From nightmares to PTSD: Covid stokes UK health care staff crisis

According to official statistics, nearly 7,000 of those who resigned in the third quarter of 2021 said they wanted a better work-life balance.

Long shifts working in intensive care and the risk of catching Covid and passing it on to his wife and children left Joan Pons Laplana exhausted.

“By the end of the second wave I was all over the place. I had nightmares, panic attacks. I started having suicidal thoughts, mood swings,” he told AFP.

“My personal life was falling apart.”

Laplana, a 46-year-old Catalan who lives in Chesterfield, northern England, had suffered burnout even before the global health crisis hit.

But the intense work pressure saw him diagnosed with post-traumatic stress disorder, and forced him to quit as a nurse to protect his mental health — joining tens of thousands of health workers who have resigned during the pandemic.

“I saw a patient my age with a daughter my daughter’s age,” he said, recalling how the girl said goodbye over an electronic tablet moments before her father passed away.

“I started having nightmare seeing the eyes of the dad.”

Laplana is not alone. 

In 2020, as Europe battled soaring cases of Covid, alarm bells were already being sounded about the emotional and psychological impact of the pandemic on frontline medics.

In Britain, the relentless pressure has led to an exodus of staff: some 33,000 workers quit the state-run National Health Service (NHS) in the third quarter last year.

That was almost double compared with the final quarter of 2019, just before Covid arrived in Britain.

According to official statistics, nearly 7,000 of those who resigned in the third quarter of 2021 said they wanted a better work-life balance.

– Long shifts – 

Akshay Akulwar has not yet resigned but has thought about relocating abroad — to New Zealand or Australia where salaries are higher — or to his home country India.

The surgeon, who works in eastern England and is a spokesman at the Doctors’ Association UK, said the long hours affect well-being, personal and family life.

The pandemic has seen him on call, work night shifts and do more hours than ever before, he said.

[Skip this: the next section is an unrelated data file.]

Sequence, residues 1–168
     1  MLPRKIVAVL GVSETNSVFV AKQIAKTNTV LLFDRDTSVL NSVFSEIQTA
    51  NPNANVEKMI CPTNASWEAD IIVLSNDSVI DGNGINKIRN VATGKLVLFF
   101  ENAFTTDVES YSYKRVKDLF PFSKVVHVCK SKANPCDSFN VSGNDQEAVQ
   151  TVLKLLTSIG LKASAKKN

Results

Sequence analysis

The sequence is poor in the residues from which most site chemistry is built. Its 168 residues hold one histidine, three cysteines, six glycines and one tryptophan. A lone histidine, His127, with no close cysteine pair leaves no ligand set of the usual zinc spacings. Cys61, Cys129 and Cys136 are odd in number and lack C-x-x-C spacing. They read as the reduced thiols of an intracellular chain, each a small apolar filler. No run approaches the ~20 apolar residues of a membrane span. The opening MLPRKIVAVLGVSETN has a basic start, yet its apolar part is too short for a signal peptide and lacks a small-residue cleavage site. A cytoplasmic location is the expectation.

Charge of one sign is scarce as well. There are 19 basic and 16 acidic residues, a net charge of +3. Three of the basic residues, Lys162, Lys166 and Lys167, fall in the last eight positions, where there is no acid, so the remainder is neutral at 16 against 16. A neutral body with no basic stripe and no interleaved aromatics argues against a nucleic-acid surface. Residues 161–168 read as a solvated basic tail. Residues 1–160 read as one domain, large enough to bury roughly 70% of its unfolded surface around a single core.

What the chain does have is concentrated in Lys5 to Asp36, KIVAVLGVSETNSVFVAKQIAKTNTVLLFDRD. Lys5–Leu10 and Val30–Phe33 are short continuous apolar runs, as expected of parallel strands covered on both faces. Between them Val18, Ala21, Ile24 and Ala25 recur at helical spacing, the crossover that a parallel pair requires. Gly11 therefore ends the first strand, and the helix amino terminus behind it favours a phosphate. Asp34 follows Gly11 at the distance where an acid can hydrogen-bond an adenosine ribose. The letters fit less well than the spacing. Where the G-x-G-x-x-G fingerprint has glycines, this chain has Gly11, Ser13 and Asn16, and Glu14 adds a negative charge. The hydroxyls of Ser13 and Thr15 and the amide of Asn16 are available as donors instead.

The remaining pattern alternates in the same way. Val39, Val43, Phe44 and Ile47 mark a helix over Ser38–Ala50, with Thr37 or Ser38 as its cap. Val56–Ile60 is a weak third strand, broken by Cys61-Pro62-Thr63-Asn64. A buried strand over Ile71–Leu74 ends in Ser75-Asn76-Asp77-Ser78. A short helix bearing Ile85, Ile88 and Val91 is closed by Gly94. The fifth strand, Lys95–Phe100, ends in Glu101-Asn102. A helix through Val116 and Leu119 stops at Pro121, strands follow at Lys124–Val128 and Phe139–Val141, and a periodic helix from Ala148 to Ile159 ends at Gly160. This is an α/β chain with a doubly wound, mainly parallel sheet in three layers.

“Slowly and gradually you feel burnout, you start to work less effectively. You cannot go on at this elevated level of activity for so long, ” he said.

Public sector union Unison said more than two-thirds of medical staff have suffered burnout during the pandemic, and more than half worked beyond their contractual hours.

As a result, more than half of the sector’s employees are looking for a new job, deepening recruitment problems caused by retirement, Brexit and new immigration rules.

Unison’s head of health, Sara Gorton, said staff had been “wrung dry by pandemic pressures” as they cover for sick colleagues and feel guilty about not providing quality care.

“The NHS was already more than 100,000 staff short before coronavirus. The pandemic has upped the strain on health employees, and many have had enough,” she added.

Staff shortages caused by the rapid spread of the Omicron variant of Covid saw soldiers drafted in to help in British hospitals and ambulance services.

Bill Palmer, from the Nuffield Trust health sector think-tank, said NHS staff felt a “professional obligation” to stay on after the first year of the pandemic.

Between 2016 and the start of the outbreak, there had been a growing trend towards staff quitting their posts. Now after a pause, resignations are rising again, he added.

– ‘Like a number’ –

How to plug the gaps of staff departures in the NHS is a pressing problem for the government, with the pandemic having caused a huge backlog in treatment and surgeries.

The Nursing and Midwifery Council has said that last year there were some 8,000 fewer nurses from European Economic Area nations than in 2016. 

More than half of EU nurses leaving Britain cited the country’s departure from the bloc as a reason for their decision.

Getting medical and social care staff from further afield is also problematic, with tighter post-Brexit immigration rules also proving a block on recruitment.

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Higher salaries in other sectors are proving a draw for lower-paid, non-medical NHS staff.

Alex, who declined to give his full name, said he quit his job as a community mental health nurse in northwest England because he felt “treated like a number and not like an individual”.

His workload increased by 25 percent but the additional responsibilities did not see his pay increase, affecting his own mental health.

He now works for with victims of modern slavery and domestic violence.

“I have similar pay but less stress, less workload,” he said. “I feel supported.”

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